"Ummmm, sort of like, ummmmm ..." he was struggling to tell us a story but was having a deuce of a time of it. Words just weren't coming to him. This is unusual because Joseph, for a 12 year old kid, has an amazing vocabulary, a quick wit, and a way with a story. He recounted a story of burning his mouth on a hot drink saying that he'd 'forgot the laws of physics' and drank it two quickly. This is not a kid that finds communicating tough.
Yet here he was struggling to tell a story. We couldn't help, or prompt or assist in any way because we didn't know where he was going with the story, primarily because he couldn't get it started. All we were able to figure out was that it happened at school to another kid, that he didn't do it and that he wanted to tell us about it.
Finally, he described the kid as someone who needed a lot of help in school, who was different than the other kids, who had some problems learning. "You mean 'disabled'," I said. "Yeah," he said, relieved to have that out of the way. Then he went on with his story.
I didn't say anything to him but I was really proud of him at that moment. When we first met Joseph, the word 'retard' tripped easily out of his mouth. "That's just way retarded," would be a way of reacting to something. But Joseph soon learned that this wasn't a word to be said around us. We explained, to his disbelief at first, that it was similar to bad racist words.
Even though we know that 'the word' is everywhere, even on the lips of those who should know better, he respected our wishes. It's been a very long time since the subject of 'that word' has even come up and frankly, I didn't notice the change. I don't hang with people who use the word so it's absence wasn't particularly noteworthy.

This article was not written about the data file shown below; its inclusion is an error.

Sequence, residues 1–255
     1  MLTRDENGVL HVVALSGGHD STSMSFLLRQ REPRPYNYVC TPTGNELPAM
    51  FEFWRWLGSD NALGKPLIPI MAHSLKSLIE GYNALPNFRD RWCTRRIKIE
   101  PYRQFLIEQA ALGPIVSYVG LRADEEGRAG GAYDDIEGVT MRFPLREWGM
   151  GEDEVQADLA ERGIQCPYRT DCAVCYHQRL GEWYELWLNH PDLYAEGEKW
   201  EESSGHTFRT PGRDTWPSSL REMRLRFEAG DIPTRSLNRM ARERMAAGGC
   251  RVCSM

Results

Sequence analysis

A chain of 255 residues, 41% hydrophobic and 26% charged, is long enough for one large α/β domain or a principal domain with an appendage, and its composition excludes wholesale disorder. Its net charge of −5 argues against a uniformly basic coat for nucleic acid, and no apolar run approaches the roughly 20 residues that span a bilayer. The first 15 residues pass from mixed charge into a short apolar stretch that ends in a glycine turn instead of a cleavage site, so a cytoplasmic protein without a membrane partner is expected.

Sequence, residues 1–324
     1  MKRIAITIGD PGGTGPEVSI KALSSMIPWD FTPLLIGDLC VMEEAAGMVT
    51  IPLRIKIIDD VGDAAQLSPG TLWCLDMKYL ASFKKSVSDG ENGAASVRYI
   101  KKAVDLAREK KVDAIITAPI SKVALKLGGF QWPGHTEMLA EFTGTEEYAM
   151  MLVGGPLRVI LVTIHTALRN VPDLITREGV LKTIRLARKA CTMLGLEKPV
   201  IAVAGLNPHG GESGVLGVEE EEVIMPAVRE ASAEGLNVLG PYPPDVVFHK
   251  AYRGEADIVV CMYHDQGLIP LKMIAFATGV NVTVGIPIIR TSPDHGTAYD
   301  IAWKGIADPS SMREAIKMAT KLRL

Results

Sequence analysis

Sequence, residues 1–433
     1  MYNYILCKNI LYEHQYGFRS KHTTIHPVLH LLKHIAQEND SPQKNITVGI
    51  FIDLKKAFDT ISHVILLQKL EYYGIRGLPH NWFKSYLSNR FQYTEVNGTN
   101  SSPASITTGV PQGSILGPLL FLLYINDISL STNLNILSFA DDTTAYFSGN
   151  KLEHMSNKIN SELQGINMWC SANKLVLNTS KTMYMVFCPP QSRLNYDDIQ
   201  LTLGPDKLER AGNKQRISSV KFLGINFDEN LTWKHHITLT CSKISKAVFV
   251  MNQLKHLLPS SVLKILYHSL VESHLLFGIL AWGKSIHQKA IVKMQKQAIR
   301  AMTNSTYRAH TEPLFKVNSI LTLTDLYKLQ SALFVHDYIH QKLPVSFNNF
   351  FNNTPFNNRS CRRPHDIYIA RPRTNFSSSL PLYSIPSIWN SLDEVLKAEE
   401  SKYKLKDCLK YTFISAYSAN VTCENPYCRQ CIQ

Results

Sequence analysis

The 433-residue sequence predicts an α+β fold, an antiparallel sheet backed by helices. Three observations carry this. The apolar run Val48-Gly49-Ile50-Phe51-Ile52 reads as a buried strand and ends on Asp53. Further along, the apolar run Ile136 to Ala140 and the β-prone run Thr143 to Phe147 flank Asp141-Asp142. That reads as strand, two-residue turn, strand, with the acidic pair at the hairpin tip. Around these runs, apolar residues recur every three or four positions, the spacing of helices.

Until Friday. A Joseph day. And he's trying to tell a story about one kid teasing another kid. The kid being teased was "ummm, like, ummmm ..." Well, "ummm, like, ummmm ..." takes a lot longer to say, I prefer it to 'that word'. It was cool that he worked so hard to avoid a word that we've taught him is hurtful.
Trouble is he didn't have a word that he knew could be used. Difference needs to be explained to kids with words that aren't charged with prejudice. Joseph recognizes difference and his struggle to find words shows that he is coming to be sensitive to the idea of respect. Part of the point of integration, I would think, is that kids learn how to talk to each other ... but also to learn how to talk about each other.
It was a nice moment. Though we've never had kids, we felt like we'd done a wee bit of parenting if parenting is passing a value on old to young.
How cool is that?